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Two recent developments—the molecular cloning of eukaryotic DNA in bacteria and site-specific mutagenesis in vitro—have provided a rapid way to construct and map mutants in the genomes of SV40 and polyoma virus. Since they are propagated in bacteria, it is now possible to obtain viral mutants that cannot be propagated in eukaryotic cells because they are cis-acting, trans-dominant, or are not complementable for other reasons.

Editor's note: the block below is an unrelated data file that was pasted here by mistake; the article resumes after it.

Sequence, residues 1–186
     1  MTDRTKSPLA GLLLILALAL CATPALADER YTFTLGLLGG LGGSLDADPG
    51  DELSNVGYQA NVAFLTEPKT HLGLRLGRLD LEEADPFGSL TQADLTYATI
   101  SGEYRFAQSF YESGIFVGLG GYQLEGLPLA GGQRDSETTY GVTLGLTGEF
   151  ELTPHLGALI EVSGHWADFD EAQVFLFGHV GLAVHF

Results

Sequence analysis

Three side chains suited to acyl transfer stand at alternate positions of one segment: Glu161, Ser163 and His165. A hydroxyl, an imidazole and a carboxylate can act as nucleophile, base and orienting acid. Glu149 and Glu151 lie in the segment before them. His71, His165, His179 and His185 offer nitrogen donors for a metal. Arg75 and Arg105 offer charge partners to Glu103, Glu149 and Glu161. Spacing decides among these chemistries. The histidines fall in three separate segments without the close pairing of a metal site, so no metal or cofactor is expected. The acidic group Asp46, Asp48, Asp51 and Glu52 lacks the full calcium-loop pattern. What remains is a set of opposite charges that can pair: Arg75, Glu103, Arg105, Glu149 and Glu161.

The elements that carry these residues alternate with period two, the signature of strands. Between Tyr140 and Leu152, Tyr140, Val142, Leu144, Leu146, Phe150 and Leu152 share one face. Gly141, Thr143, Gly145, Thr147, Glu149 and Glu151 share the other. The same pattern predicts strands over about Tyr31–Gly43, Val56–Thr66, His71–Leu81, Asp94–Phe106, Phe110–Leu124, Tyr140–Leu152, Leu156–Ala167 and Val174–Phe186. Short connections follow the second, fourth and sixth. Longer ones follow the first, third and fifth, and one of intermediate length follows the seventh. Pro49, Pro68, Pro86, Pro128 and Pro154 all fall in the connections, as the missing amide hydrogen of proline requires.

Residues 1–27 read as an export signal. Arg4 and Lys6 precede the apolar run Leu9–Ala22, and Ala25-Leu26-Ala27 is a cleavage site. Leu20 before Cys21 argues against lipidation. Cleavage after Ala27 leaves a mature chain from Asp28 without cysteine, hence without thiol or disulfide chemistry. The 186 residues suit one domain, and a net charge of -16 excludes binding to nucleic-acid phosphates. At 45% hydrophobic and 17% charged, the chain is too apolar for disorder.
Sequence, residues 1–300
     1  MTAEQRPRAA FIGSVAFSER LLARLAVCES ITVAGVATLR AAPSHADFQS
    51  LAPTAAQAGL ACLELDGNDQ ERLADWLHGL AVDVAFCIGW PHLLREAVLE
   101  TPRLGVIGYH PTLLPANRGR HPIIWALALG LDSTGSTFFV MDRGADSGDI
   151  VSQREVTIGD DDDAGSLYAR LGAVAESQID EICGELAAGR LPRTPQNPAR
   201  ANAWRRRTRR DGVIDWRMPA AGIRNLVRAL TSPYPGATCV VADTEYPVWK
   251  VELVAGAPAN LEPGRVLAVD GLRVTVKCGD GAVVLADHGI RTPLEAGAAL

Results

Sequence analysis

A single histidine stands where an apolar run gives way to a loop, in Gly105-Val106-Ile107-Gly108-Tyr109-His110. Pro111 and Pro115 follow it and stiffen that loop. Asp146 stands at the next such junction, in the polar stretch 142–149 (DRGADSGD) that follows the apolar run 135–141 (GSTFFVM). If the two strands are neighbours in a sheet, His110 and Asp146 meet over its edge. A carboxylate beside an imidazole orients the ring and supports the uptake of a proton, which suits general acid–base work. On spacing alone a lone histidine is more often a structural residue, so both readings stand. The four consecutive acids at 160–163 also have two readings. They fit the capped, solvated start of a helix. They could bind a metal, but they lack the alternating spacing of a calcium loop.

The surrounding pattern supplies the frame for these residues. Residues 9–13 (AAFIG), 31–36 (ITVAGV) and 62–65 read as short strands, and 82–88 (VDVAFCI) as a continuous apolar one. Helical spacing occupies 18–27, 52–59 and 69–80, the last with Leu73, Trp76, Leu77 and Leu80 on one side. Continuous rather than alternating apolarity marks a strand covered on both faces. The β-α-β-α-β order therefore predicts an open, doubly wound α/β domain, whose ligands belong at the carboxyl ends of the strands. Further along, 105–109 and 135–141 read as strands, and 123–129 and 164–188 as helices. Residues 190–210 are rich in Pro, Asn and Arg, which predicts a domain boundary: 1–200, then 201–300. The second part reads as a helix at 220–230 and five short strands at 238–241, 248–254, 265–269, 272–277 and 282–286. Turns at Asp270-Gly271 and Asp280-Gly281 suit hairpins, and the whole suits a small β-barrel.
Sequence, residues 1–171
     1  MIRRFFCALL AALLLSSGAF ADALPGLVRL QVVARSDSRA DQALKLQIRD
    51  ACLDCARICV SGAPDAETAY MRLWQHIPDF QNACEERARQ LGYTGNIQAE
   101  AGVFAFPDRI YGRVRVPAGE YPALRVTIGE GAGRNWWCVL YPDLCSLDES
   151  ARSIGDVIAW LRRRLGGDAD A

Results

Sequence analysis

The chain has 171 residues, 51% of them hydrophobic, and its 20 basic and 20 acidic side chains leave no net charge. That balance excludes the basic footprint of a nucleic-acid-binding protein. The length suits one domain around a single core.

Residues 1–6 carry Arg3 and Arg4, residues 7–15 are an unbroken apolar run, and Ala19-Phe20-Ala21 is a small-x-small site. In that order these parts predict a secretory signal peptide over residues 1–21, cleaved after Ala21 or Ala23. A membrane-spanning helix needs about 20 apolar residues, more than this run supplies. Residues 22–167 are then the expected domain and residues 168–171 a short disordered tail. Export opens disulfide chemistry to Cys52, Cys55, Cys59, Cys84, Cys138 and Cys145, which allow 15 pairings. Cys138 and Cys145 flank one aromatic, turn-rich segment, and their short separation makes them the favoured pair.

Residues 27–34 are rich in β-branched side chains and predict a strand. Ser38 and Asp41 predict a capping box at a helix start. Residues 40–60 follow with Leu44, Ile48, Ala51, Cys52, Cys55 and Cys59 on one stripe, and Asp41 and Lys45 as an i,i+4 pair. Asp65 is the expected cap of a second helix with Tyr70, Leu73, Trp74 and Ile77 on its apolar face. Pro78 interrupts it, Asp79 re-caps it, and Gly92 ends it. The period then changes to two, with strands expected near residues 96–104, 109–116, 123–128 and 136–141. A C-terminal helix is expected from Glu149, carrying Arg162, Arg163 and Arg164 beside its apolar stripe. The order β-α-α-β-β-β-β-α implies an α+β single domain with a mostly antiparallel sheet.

So far two sets of such mutants have been obtained. The first was generated in a recombinant plasmid consisting of a unit-length SV40 DNA molecule cloned via its BamHI cleavage site into the Escherichia coli plasmid pMK16 (Gluzman et al. 1980a,b), The resulting recombinant contains only one site of cleavage for the restriction enzyme BglI, whose recognition site lies very close to the origin of SV40 DNA replication. By selecting in various ways for plasmids resistant to the action of BglI, a large number of mutants have been obtained that have suffered small deletions around the SV40 origin. They can be divided into two categories: those that produce T antigen and those that do not. The smallest deletions (4 nucleotides in length) destroy the function of the origin of replication. These findings are in good agreement with earlier results that placed the outer limits of the origin of DNA replication in a 75-nucleotide tract spanning the BglI restriction site (Gutai and Nathans 1978; Subramanian and Shenk 1978). It is known that point mutations within the BglI recognition site drastically affect the efficiency of...

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